The ultimate objective of CE is to foster independent input into the research process by the community where it is conducted. However, CAB autonomy can be hard to achieve because reliance on the sponsor for funding and on researchers for information and training can contribute to a significant imbalance of power that is difficult for CABs to overcome. This is especially true in locations with no or limited experience with CE in clinical trials and/or a hierarchical social structure where civil society participation is not a regular practice.
Of the 13 STREAM sites, 11 had no or limited experience with CE in a TB trial and no pre-existing CAB. As a consequence, Sponsor involvement in CAB formation, CAB work planning and budgeting, and CAB capacity building was necessarily significant. This involvement likely reduced CAB independence and autonomy; however, the Sponsor concluded this was necessary to ensure CE activities were implemented, given the inexperience of some trial sites. In addition, in all but one case, funding for CE activities was funneled to CABs via the trial site, increasing CAB reliance on the study team. This was necessary because most CABs/CAB members were not separate legal entities or able to manage external donor funding.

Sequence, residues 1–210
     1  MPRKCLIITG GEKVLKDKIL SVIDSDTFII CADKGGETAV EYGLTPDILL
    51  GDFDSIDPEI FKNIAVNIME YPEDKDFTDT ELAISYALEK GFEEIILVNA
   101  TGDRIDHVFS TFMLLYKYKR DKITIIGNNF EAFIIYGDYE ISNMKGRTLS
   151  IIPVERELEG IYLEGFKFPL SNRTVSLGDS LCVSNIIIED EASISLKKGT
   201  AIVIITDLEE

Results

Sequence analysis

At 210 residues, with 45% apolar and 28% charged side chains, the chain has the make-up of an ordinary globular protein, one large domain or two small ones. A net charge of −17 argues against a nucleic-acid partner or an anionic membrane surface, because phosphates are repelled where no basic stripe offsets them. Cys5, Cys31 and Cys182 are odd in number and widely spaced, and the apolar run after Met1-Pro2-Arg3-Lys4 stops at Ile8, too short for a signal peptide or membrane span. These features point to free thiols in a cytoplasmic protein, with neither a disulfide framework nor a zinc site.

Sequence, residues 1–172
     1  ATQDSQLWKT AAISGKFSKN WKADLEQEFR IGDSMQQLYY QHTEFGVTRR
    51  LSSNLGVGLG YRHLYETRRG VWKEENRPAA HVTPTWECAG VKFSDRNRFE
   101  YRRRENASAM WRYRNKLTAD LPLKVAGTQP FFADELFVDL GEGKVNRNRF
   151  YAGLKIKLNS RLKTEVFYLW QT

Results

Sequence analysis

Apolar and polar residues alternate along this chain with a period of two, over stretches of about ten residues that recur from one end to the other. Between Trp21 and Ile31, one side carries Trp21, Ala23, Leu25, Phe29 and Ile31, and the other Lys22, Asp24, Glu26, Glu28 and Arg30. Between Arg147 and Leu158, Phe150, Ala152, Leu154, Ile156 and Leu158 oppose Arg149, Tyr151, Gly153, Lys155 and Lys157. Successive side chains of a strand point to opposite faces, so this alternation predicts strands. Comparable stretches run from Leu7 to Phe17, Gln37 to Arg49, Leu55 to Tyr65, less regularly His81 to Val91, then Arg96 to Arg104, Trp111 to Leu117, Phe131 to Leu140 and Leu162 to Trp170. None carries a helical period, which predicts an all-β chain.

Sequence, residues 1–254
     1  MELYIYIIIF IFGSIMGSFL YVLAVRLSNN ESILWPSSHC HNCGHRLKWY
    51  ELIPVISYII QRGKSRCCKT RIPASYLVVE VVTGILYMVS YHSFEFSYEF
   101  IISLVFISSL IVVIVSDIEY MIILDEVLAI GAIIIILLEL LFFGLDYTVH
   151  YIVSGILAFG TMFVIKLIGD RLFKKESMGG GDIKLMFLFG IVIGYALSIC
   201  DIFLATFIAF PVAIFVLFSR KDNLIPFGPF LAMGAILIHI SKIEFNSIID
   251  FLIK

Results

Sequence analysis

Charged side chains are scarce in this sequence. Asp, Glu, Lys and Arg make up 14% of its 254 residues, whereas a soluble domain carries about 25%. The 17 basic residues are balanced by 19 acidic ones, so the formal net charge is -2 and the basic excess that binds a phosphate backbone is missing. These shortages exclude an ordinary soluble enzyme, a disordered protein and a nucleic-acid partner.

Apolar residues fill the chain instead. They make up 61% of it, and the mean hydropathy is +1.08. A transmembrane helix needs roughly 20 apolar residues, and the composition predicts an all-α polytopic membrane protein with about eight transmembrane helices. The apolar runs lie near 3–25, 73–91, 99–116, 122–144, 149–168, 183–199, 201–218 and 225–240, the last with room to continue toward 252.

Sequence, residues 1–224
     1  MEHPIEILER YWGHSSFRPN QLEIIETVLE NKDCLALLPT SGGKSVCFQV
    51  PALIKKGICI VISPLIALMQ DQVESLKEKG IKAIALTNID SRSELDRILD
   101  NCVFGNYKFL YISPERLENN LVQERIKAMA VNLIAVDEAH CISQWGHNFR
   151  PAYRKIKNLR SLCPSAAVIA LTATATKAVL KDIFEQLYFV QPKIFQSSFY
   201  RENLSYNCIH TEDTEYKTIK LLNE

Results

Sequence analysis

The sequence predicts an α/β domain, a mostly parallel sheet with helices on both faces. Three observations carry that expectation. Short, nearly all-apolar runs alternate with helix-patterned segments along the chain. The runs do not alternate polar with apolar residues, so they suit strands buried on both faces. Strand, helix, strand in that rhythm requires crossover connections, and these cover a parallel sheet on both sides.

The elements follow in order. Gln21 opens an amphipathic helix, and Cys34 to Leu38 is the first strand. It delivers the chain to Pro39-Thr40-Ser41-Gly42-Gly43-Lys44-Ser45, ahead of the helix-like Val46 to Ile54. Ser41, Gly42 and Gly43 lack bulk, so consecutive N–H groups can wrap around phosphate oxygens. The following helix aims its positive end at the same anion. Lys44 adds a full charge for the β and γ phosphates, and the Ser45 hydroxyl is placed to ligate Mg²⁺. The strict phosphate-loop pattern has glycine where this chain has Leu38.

To mitigate the impact of significant Sponsor involvement, an intensive CAB capacity building program was implemented, and CABs had significant freedom to choose and implement CE activities that responded to their local priorities and conditions. In addition, during the last year of CE activities, the Sponsor held a cross-site training series focused on longer-term CAB sustainability covering topics such as CAB integration into existing research structures and post-trial funding opportunities. Therefore, we are hopeful that STREAM’s investment in capacity and institution building will benefit future TB trials.